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Dance scholarship brings legacy full circle

Debbie West and Virginia Chittum

Virginia Chittum taught thousands of children the value of education, discipline and an active lifestyle through her love of dance. One of those children – Debbie West – is now an adult continuing Chittum’s legacy and teachings through a scholarship fund at West Virginia University. 

Chittum was a Preston County native and graduated from Morgantown Business College before receiving professional dance training in New York City. Chittum started the Virginia School of Dance in Morgantown when she returned. 

“Virginia promoted a love of dance that was all-encompassing,” West said. “She knew that most of us wouldn’t grow up to be professional dancers, so she used dance as a tool to teach us life lessons that we would need in our personal and professional lives outside of dance, too.” 

Chittum also taught her dancers to give back. Whenever a community organization needed dancers for an event or fundraiser, Chittum would send her students, free of charge.

“Virginia was a real community advocate, and it was important to her that we give back with our talents and abilities,” West said. “We attended countless events throughout the area and everyone always loved Virginia’s dancers.” 

1954 dancers

The community loved the Virginia School of Dance so much that they would line up for recitals hours before the start time. 

“There was no online ticketing during those times, so you had to stand in line to get your ticket and then reserve the seat that you want,” West said. “The night before the dance recital rehearsal, community members would bring their lawn chairs and sit in line on High Street until the next day. It was really one big celebration, people looked forward to it every year.”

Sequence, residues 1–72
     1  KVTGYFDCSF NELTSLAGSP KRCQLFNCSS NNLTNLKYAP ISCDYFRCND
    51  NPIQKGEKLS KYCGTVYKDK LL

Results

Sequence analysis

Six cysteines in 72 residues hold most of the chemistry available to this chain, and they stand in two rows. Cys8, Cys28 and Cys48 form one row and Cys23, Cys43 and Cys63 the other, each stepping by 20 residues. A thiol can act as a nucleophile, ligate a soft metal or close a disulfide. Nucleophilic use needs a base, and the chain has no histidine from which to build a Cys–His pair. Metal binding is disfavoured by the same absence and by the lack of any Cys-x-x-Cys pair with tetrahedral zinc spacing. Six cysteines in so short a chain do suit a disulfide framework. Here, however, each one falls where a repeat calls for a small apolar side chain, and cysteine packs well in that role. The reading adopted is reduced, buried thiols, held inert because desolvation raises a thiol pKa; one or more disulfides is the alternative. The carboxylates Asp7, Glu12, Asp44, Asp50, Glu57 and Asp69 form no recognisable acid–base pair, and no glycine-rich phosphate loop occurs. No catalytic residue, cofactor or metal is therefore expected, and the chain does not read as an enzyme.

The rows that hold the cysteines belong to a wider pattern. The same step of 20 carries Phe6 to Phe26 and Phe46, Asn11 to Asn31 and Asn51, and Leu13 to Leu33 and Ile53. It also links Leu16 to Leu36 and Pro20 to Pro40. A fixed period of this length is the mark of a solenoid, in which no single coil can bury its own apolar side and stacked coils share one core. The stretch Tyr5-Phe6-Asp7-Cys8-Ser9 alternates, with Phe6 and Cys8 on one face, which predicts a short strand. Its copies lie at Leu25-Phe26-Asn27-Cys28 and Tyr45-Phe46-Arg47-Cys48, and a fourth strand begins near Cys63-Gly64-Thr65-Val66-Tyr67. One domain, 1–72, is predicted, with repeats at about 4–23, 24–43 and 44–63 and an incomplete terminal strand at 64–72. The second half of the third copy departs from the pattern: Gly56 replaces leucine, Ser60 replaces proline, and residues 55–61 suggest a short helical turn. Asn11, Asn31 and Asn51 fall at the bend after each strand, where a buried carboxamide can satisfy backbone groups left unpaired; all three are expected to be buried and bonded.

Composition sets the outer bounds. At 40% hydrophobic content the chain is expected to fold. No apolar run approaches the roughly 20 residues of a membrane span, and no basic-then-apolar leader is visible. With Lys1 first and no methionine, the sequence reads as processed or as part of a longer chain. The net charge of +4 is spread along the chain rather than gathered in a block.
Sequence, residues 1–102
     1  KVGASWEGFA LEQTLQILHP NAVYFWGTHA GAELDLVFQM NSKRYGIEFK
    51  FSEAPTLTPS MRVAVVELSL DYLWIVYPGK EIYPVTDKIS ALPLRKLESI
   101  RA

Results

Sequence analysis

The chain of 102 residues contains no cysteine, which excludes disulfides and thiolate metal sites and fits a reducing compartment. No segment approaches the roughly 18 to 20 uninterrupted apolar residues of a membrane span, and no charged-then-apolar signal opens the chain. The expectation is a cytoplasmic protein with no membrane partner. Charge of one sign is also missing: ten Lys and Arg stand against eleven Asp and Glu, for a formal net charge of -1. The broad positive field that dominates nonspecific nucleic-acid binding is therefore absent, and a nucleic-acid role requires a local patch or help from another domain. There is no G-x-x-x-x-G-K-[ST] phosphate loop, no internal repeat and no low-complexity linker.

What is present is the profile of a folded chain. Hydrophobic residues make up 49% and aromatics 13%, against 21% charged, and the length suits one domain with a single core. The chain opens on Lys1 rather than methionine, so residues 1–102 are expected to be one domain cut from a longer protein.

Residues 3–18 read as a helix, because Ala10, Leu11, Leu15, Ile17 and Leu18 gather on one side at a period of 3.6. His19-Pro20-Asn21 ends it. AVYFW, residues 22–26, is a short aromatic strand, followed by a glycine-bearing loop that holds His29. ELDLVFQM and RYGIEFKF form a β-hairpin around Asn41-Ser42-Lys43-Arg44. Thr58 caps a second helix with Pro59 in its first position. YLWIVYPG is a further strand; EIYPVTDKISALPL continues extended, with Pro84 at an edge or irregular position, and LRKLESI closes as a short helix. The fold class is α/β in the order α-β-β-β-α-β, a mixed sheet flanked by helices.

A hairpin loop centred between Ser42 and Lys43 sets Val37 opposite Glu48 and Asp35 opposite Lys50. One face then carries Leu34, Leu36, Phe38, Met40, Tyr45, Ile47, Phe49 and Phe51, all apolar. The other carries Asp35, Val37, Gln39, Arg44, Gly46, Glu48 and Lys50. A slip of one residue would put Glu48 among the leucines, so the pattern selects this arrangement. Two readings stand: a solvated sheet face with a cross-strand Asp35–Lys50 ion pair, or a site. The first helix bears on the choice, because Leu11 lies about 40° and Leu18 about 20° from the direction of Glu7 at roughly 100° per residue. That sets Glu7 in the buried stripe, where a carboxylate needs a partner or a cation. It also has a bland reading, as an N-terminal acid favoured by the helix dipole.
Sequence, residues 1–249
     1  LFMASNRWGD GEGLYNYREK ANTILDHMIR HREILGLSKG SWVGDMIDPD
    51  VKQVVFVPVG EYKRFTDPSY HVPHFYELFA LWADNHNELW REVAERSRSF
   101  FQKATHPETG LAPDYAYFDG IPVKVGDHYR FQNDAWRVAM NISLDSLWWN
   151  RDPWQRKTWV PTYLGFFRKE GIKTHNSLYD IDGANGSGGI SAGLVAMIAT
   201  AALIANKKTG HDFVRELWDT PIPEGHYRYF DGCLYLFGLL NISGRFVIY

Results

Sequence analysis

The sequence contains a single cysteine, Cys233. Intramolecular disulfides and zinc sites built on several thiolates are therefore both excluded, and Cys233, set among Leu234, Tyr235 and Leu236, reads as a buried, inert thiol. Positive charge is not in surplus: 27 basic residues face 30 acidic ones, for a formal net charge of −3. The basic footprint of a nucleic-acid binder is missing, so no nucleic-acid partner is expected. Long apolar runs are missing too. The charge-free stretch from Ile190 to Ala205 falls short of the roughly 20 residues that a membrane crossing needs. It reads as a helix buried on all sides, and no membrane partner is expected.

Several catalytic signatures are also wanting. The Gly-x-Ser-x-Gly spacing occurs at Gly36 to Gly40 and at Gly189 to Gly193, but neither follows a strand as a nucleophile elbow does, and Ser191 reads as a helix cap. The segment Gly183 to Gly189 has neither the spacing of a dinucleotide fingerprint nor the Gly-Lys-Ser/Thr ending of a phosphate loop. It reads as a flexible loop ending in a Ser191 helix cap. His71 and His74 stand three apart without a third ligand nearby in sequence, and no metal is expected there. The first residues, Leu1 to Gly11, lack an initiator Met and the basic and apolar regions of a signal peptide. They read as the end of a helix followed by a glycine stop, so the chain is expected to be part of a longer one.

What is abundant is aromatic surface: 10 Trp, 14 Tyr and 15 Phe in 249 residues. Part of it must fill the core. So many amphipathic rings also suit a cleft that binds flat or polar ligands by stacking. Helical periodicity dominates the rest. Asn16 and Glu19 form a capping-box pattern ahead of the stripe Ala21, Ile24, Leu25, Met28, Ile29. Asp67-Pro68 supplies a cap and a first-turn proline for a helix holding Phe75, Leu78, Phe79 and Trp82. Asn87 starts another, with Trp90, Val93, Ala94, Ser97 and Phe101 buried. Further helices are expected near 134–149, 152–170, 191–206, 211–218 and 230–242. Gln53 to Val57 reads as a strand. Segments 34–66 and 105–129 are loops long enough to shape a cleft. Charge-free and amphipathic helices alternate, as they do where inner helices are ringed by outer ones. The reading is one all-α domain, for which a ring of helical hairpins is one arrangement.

Chittum passed away in 1998, but many of her students remain in contact. West, who taught at the Virginia School of Dance after graduating from WVU, spearheaded a reunion for the dancers in 2016 at the Metropolitan Theatre – the same venue in which Chittum held recitals.

“The reunion fell on the 70-year anniversary of Virginia’s first recital at the Met, so that was really special to us,” West said. “We all performed in recitals there, and we all have great memories there. It was moving to be back on that stage honoring Virginia.” 

Virginia School of Dance program

West wanted to do something more to honor Chittum, and a dance scholarship at WVU was the perfect solution.

“Education was extremely important to Virginia,” West said. “No matter what her dancers wanted to do in their lives, she always stressed receiving a proper education because you just never know how it could benefit you down the road.”

The Virginia Chittum Dance Scholarship was endowed in 2016 and is awarded by WVU’s Financial Aid Office to a dance major from Monongalia County. The first scholarship recipient is Lauren Starliper.

"I am very honored to receive the Virginia Chittum Dance Scholarship,” Starliper said. “Dance has always been a part of my life and it has made me into the person I am today. It has given me some of my best friends and the best memories in my life. I hope I can continue to share my love of dance with young kids like Virginia did for so many years here in Morgantown." 

Even in a town the size of Morgantown, it’s a small world. Starliper’s aunt, Trish Bolyard, was a dance student under West at Virginia’s School of Dance. Starliper now instructs West’s granddaughter at a local dance academy. 

Debbie West and Lauren Starliper

“It’s amazing to see Virginia’s love of dance come full-circle and continue on with the next generation,” West said. “When you make a difference in one person’s life, it will cause a ripple of difference. This scholarship, and the thousands of students Virginia had a profound impact on, are part of her ripple.”

 To make a donation to the Virginia Chittum Dance Scholarship Fund, visit: https://give.wvu.edu/theatre-and-dance.